When I left behind my corporate career to explore the idea of taking my long time love for photography to a more serious level, little did I know that I would end up creating a full service media production company. Honestly, I had never planned to get into film production at all.
I ventured into professional photography after shooting as a freelancer for newspapers, magazines alongside occasional commercial gigs for print and outdoor campaigns for quite some time. Those who have browsed through my portfolio would know that a good chunk of my work is either fashion or portraiture. In fact, why I got so hooked to photography in the first place was because each assignment allowed me to meet new people on a daily basis and travel to new places every now and then, which continues to be true till date.
Somewhere during the journey, I got intrigued by motion pictures, probably that was the best thing that has ever happened to me. The very first motion picture that I shot was an extremely simple capture of an instrumental cover that a very dear musician friend had recorded. Check the video here if you are curious to know where it all began 🙂
Since then, we have grown in size and scale and I have moved on from being a fashion photographer to also being a Director of Photography at several interesting projects. I have also directed TV commercials, documentaries and films for a diverse set of clients.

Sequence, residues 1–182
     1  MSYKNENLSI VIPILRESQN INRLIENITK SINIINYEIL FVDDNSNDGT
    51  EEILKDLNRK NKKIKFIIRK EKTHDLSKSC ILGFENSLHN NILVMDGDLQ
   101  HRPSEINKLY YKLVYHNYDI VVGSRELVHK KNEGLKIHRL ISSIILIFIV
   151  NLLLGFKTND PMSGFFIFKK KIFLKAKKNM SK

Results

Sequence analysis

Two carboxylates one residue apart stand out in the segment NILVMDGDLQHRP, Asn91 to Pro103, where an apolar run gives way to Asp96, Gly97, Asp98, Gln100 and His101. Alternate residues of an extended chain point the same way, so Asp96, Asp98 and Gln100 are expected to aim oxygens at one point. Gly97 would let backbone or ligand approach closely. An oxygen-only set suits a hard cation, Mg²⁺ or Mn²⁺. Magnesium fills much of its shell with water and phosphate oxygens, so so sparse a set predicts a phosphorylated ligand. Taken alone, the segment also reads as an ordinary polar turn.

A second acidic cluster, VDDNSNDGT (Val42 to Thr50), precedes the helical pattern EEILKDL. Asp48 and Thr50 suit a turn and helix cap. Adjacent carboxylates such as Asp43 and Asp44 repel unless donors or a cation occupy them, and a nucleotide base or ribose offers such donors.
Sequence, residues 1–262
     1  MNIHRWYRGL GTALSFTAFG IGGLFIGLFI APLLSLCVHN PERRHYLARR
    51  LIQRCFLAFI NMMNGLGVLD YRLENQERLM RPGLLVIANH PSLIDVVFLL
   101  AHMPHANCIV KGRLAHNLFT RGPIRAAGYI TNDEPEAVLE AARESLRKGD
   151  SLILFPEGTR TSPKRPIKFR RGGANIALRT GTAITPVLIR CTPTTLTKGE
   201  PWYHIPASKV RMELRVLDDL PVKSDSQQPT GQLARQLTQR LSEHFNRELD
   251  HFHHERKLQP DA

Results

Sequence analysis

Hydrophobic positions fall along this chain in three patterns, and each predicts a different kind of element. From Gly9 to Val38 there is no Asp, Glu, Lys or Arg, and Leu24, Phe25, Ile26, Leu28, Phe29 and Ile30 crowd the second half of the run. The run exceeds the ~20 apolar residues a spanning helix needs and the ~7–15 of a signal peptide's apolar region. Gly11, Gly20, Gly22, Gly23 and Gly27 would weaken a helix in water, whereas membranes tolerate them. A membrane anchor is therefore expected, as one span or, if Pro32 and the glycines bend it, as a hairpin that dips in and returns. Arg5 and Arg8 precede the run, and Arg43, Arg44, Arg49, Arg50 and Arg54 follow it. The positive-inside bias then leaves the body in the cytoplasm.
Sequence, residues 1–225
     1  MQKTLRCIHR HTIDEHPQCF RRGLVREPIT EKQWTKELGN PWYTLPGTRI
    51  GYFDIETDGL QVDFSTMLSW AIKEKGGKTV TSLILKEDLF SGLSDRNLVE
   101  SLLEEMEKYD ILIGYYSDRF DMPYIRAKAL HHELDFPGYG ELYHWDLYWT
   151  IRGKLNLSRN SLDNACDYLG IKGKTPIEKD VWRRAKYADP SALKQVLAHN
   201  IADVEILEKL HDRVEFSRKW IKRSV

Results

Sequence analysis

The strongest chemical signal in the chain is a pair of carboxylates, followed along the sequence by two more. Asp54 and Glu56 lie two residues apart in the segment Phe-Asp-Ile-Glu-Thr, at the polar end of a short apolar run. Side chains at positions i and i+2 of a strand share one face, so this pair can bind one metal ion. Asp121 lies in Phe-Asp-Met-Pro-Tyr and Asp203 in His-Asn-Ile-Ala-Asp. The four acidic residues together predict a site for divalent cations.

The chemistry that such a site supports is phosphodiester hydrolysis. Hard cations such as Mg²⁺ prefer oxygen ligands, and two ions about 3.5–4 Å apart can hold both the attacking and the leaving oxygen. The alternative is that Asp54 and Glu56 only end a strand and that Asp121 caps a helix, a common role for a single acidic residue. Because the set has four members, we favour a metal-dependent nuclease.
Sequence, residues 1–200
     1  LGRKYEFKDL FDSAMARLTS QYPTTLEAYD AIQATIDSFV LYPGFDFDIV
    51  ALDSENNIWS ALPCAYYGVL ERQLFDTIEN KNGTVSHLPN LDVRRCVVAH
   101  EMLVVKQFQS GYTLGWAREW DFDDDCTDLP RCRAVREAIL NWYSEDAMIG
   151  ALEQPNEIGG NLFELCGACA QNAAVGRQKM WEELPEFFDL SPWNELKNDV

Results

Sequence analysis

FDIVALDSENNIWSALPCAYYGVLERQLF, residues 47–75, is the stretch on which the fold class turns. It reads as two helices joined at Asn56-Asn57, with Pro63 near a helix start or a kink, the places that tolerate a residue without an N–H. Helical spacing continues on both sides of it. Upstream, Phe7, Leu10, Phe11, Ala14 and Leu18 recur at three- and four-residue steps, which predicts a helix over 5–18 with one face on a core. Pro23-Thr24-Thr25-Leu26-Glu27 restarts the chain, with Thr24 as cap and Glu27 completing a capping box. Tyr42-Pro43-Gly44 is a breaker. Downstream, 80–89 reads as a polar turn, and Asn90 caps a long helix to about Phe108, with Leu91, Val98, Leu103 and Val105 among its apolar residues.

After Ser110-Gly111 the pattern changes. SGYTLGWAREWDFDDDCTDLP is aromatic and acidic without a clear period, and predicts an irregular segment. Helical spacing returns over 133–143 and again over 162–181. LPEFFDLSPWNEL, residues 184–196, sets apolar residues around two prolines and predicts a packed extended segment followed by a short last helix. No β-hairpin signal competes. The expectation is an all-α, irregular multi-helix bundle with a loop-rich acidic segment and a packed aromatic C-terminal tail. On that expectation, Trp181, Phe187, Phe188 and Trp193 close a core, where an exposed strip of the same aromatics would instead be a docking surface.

How I Contribute
I'd love to contribute at every step of the project. From pre-production to the colorist section.
Photography taught me a lot, and it still strongly reflects in the films I shoot. My understanding and use of elaborate setups of artificial lights reflects in the my work as a cinematographer as much as it is visible in the photos I shoot.
I am and have always been very keen on exploring opportunities with other directors who think I can add value to their projects by bringing in my sense of stylised execution of videos as a director of photography or cinematographer. I truly believe that collaborations are definitely one of the best avenues to learn and develop for an artist. They have always helped me evolve by forcing me to break out of my own comfort zone of presenting a story and work within creative boundaries set up by someone other than myself.
It is good to see that Delhi has become the home away from home for film production houses in India in a very short span of time. The whole ecosystem of supporting cut edge video production has matured over the last couple of years and it is not surprising to witness